I don't write as a First Nation person, but I write as a person who is very sympathetic and very engaged and wants to give that voice as much space as possible. But I'm also very conscious that the burden of leadership for First Nations people is immense. We expect an enormous amount, and we always have. The generosity of the response has been extraordinary for all the brutality that's been delivered. There's an obligation on people like me to actually do their bit.

In for my case, that has meant, for instance, in Griffith Review, right from the beginning in 2003, I made it a matter of principle that there would always be Indigenous writers in that volume. It wasn't a big deal if you had to find them, if you had to find new voices and so on, but it wasn't something that was being routinely done. That was an important process, and it was an important part of my learning as well. I got to know people better, I learned more stories, I discovered things along the way. But the other bit of it is that you have to... the Settler stories, which intersect in many ways, quite richly, especially when you've got a family history that goes into the 19th century, there are good and bad family stories. They're not all bad. There are good ones as well and there are points of engagement and good stuff. They're not just all bad stuff. But it seems that there's an obligation for us to face up to our shortcomings as well and our role in it.

The thing that worries me in a sense is that we push it all back. You've got to retell your over and over and over, and we never actually a going to say, ‘Actually, we were pretty ashamed by what we did. We did stuff wrong’. So, it's a two-way process.

It's a long, discursive response to your query, but I think it's important to recognise that there's a role for people like me, for instance, who are actively interested and engage with it to take it seriously.

ASTRID: Australia doesn't need more silence. We need many other things.


ASTRID: Now, Australia, we have culture wars here. We have the history wars and you've just published a book that may very well speak to certain people in different ways. I guess, as the writer, as the thinker, and as the researcher behind this work, are you nervous? Are you over that? What kind of pushback or response are you anticipating from that part of Australia?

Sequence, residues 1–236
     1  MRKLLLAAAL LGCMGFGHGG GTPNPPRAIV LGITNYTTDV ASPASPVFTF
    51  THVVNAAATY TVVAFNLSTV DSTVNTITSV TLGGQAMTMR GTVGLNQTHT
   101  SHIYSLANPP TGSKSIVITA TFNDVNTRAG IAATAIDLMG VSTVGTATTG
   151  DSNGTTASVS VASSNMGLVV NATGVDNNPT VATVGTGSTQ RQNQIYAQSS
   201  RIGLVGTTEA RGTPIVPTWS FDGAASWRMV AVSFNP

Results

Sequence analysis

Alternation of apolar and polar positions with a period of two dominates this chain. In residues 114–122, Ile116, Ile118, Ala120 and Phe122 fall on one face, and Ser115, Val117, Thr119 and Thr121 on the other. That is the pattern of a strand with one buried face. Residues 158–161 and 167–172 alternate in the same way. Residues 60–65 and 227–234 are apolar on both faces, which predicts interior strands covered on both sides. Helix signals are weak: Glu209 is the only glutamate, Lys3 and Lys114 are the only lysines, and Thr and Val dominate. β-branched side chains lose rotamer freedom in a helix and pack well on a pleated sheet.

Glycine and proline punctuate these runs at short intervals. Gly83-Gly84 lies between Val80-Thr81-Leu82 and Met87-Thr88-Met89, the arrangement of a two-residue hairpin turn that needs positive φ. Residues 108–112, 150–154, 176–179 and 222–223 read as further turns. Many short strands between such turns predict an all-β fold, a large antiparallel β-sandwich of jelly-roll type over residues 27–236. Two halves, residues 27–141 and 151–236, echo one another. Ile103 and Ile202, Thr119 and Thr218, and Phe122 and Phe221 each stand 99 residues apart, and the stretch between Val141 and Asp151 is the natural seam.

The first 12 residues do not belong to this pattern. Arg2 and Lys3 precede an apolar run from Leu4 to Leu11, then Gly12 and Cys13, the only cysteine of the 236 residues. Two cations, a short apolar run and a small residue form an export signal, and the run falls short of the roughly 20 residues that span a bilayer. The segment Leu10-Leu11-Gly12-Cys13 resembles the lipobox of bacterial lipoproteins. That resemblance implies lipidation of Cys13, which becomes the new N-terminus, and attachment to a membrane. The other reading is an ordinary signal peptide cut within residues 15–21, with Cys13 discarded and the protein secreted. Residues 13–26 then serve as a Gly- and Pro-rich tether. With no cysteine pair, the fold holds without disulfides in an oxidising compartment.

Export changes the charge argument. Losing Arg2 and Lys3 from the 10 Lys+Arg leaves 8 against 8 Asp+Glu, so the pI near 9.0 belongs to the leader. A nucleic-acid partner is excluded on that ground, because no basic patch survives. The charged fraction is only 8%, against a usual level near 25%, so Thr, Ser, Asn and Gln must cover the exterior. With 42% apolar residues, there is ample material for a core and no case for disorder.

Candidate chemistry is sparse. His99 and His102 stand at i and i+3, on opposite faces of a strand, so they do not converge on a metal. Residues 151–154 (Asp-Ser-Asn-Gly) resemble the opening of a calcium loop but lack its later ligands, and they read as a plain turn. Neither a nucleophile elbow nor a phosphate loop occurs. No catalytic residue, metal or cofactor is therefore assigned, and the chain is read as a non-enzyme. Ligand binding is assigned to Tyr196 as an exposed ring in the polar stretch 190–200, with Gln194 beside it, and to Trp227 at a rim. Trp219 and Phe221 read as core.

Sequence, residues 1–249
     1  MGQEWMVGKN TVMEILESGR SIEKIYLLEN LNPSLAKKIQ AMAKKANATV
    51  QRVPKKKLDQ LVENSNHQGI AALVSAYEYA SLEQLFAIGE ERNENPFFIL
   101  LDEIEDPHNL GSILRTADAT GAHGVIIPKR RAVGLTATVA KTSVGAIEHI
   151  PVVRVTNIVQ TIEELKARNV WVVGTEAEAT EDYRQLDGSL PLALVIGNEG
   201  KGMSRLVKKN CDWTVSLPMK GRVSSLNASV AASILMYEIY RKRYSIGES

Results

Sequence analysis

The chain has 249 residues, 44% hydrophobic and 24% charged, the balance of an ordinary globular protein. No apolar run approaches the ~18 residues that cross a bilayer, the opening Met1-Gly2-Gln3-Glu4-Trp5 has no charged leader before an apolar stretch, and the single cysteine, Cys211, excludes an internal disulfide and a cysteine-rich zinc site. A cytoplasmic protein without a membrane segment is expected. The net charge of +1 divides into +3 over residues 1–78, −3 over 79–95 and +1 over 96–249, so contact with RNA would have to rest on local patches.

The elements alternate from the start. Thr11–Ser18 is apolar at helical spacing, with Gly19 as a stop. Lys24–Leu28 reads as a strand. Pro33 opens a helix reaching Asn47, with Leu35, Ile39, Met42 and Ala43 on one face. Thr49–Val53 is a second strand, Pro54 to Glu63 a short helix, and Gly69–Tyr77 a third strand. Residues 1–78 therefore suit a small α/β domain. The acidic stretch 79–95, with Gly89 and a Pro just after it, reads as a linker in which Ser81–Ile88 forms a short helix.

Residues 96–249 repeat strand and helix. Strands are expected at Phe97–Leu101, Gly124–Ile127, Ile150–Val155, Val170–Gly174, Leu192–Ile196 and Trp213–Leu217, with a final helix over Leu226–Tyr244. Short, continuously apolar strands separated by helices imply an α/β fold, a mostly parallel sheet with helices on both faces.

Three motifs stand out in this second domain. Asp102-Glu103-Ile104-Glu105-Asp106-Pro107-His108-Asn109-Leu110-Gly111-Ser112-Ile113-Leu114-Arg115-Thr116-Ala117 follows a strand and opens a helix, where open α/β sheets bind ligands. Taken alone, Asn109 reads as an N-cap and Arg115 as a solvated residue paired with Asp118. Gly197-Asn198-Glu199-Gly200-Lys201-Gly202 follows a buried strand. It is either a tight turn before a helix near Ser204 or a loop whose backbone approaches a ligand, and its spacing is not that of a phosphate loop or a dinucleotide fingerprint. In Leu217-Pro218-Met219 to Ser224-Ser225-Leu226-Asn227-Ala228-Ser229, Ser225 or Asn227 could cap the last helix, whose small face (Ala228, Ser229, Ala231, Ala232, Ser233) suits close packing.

JULIANNE: Look, I don't know. I mean, somebody said early on Facebook when the first cover was put out – and there's an endorsement from Yassmin Abdel-Magied on the front cover, and I've known Yassmin for a long, long time and feel a certain sense of responsibility for having first published her and helped her on her way, and then have been watching with horror the way that she's been treated and marginalised and pushed aside. So, when the first cover went out, I noticed on Facebook that somebody said, ‘Oh, you shouldn't have her name on the cover. People won't buy the book because of that. That's terrible’. I said, ‘Well, if that's the response of that cohort of people, that's a great shame’, because in the book I tell Yassmin's story, I think with great compassion and quite a bit of insight and anyone who's not moved by that would have a serious sitting down.

That surprised me when I got that reaction, because I thought there'd be other areas where I would get a push back on. I'm just hopeful that what I've done over a long period of time, the seriousness of my purpose, the evident affection that I have for the place and its people, and my willingness to hear as much as I can of different points of view means that it's a bit harder for those people to get a purchase on it, because they can turn the page and there's another story that actually they could possibly align with. I was quite conscious of trying to make those connections, and insofar as my own experience has been quite diverse, I've got stories that I can tell of all sorts of different interactions. It will never shut up people who are so rigid in their view that they just don't want to listen, but I'm interested in the people who are willing to listen, think, pay attention and be a bit bold. They're the people I'm interested in. So there'll be pushback, I can deal with it.